Researching my books is one of my favorite parts of the writing process, and last week I got to do just that. My musician husband, Ken, was performing in New York City, so I flew there with him for a short, five-day trip. Since his concert was in the Brooklyn Navy Yard, we stayed in a hotel just a few blocks from the historic Brooklyn Bridge (completed in 1883 and still used by commuters to Manhattan Island). A nice stroll or drive across that famous bridge offers great views of the city skyline, the new World Trade tower, and even the statue of Liberty.
I grew up in a small town in the Mid-Hudson Valley just north of New York City, so the trip also gave me a chance to visit my sister Peggy, who drove down to spend the day with me while Ken rehearsed. We decided to take the subway to Manhattan to visit the Tenement Museum on the Lower East Side and research the American immigrant experience for a future book. Wow! The museum turned out to be a treasure trove of information and experiences, and definitely worth a visit. (www.tenement.org)
The museum is housed in a tenement that was home to more than 7,000 people from over 20 nations between 1863 and 1935. The guided tours through the building and its recreated apartments and shops include a range of topics such as Hard Times, Sweatshop Workers, Shop Life, and Foods of the Lower East Side. Peggy and I had time for only one tour, so we’ll definitely be returning for a second visit.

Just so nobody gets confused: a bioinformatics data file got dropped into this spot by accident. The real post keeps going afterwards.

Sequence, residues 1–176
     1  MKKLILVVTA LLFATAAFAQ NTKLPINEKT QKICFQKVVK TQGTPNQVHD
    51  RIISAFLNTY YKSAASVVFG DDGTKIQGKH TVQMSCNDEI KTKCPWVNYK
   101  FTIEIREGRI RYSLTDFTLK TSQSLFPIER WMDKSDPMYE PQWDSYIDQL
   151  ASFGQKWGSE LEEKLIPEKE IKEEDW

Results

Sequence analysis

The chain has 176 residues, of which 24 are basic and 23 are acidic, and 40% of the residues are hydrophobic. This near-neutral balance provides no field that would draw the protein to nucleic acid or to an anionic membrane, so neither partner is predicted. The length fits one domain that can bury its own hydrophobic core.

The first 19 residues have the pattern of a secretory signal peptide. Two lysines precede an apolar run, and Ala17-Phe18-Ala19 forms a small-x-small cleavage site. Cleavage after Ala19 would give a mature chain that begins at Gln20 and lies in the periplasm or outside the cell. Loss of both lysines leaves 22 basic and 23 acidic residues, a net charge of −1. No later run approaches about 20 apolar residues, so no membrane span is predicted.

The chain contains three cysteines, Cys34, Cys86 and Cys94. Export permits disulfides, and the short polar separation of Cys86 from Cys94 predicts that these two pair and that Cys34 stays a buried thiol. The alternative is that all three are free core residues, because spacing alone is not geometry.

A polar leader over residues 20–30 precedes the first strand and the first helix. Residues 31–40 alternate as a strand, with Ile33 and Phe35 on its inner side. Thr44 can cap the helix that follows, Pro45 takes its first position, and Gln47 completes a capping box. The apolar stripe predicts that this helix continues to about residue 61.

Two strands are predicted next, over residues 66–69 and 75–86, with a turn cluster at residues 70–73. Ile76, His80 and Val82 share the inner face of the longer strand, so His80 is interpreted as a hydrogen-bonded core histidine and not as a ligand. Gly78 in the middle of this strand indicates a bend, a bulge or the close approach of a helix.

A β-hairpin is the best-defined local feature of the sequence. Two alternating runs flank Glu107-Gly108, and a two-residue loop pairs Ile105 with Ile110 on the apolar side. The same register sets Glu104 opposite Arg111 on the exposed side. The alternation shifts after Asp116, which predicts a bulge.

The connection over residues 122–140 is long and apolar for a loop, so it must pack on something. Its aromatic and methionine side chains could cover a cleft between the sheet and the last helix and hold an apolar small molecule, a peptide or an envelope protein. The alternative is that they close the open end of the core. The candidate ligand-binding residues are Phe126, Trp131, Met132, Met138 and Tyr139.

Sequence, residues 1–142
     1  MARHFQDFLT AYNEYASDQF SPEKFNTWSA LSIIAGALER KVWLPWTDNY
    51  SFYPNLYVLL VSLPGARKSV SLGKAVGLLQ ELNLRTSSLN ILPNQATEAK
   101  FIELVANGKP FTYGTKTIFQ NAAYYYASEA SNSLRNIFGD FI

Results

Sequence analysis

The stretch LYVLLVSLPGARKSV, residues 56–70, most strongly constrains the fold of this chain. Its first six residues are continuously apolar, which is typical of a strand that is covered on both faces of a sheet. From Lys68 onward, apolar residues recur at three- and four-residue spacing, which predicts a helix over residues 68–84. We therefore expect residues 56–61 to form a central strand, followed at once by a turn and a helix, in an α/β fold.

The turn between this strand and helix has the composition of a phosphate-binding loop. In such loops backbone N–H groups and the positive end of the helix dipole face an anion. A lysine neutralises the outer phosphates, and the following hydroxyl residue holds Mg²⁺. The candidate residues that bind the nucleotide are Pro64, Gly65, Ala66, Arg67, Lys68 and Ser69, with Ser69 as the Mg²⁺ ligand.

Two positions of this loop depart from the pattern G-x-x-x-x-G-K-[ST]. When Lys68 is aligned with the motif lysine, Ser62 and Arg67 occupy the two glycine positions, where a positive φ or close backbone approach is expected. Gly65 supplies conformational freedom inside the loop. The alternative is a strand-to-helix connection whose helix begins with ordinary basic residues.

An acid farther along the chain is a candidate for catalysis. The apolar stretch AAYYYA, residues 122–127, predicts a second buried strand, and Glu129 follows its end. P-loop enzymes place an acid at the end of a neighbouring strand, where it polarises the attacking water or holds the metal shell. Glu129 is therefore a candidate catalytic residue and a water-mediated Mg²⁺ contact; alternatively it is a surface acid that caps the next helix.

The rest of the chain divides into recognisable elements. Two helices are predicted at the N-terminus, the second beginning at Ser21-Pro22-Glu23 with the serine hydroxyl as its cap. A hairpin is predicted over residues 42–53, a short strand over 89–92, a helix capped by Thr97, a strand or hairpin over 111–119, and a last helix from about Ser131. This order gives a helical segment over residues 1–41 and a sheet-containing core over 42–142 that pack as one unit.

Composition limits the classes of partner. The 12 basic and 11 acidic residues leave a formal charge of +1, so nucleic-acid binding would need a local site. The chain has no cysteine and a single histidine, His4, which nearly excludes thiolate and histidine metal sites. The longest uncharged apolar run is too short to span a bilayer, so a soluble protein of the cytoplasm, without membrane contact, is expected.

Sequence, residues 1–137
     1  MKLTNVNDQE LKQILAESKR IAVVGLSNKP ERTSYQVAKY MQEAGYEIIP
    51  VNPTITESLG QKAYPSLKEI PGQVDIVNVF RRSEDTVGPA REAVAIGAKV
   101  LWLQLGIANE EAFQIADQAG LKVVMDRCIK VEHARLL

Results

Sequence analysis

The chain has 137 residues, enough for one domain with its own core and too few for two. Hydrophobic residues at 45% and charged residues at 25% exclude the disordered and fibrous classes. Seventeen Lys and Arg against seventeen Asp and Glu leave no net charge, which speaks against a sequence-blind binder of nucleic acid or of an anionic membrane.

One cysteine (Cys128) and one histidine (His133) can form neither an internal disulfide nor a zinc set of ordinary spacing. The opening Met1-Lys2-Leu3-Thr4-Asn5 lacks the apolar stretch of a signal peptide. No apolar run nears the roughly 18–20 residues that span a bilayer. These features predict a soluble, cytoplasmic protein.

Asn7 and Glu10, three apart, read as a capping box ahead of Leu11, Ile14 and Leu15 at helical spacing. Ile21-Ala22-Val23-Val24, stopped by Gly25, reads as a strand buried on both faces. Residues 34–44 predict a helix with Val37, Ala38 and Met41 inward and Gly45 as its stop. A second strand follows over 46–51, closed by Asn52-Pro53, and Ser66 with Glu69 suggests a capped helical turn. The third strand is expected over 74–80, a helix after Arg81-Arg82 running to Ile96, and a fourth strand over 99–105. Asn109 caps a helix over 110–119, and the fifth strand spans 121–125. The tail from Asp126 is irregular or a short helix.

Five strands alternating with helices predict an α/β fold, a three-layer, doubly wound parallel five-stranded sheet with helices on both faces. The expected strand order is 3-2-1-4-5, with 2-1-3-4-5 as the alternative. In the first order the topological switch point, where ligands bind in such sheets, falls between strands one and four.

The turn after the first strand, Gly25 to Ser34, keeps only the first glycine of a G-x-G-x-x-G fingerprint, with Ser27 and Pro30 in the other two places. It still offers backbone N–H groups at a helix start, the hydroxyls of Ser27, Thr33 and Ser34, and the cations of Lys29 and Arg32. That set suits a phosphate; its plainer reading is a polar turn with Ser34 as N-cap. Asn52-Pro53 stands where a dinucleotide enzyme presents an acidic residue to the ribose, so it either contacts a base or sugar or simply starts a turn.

My sister had accompanied me on an earlier research trip to Ellis Island a few years ago when I was writing Until We Reach Home, and we were amazed by what our great-grandparents must have endured when they emigrated from Germany in the 1870s. We even found the record of their landing on Ellis Island. This time, the tour of the Tenement Museum gave us the next chapter of their story. The Lower East Side was known as “Little Germany” and this tenement building became a home away from home for new German immigrants, a place where they could eat familiar foods, talk with their fellow countrymen, and network for job opportunities.
My great-grandparents must have been relieved to find a German-speaking community to help them adjust to their new country. They eventually moved to rural Pennsylvania where my great-grandfather farmed and worked as a carpenter. But for the immigrants who stayed in New York to live in the tenements and work in factories and sweatshops, life was depressingly difficult. The fact that so many stuck it out and made new lives for themselves and their families is a tribute to their hearty spirits and determination.
I still don’t know when or how my experiences at the Tenement Museum will make their way into a future book—but they will! In the meantime, I’d love to hear your ancestors’ stories of coming to America. You can go to my website, www.lynnaustin.org to share them with me. When my friend Maggie shared her Swedish great-grandmother’s experiences I used some of them in my novel Until We Reach Home. So who knows—your family’s story just might make it into one of my future books, too.